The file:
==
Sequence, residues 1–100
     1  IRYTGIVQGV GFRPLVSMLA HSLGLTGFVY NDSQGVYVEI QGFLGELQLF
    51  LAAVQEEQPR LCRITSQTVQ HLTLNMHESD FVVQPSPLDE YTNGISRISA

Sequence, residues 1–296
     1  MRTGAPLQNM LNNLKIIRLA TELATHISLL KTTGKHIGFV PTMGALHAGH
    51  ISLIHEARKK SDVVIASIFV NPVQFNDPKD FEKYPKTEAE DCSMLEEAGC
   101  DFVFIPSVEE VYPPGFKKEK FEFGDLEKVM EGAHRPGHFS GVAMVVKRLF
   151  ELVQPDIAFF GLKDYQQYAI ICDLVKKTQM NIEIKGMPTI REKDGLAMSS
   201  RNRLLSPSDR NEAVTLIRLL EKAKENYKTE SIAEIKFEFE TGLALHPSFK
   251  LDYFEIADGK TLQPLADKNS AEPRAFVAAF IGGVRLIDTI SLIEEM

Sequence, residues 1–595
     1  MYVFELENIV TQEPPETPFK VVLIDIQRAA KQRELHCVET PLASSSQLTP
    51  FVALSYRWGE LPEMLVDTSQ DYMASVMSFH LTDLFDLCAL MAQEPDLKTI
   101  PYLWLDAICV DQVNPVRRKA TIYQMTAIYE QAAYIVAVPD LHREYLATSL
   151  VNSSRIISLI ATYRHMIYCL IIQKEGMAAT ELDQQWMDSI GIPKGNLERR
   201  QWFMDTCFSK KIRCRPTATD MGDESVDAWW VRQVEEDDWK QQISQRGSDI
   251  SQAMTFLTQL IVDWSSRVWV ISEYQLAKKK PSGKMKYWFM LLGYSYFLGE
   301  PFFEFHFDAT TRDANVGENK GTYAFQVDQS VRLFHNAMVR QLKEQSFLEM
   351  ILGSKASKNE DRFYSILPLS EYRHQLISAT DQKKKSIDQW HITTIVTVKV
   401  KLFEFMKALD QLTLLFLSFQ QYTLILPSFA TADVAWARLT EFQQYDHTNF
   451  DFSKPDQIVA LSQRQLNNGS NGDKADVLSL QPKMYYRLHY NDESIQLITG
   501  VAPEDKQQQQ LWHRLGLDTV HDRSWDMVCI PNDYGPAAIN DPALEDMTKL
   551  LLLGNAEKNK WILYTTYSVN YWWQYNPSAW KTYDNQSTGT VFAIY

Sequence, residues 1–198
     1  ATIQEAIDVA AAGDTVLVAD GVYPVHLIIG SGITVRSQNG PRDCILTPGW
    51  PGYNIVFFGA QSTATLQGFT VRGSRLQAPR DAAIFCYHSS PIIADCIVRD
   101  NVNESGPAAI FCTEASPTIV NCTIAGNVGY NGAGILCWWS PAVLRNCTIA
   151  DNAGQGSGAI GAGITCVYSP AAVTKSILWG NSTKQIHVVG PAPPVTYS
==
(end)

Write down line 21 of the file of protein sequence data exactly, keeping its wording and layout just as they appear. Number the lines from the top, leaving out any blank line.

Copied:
   451  DFSKPDQIVA LSQRQLNNGS NGDKADVLSL QPKMYYRLHY NDESIQLITG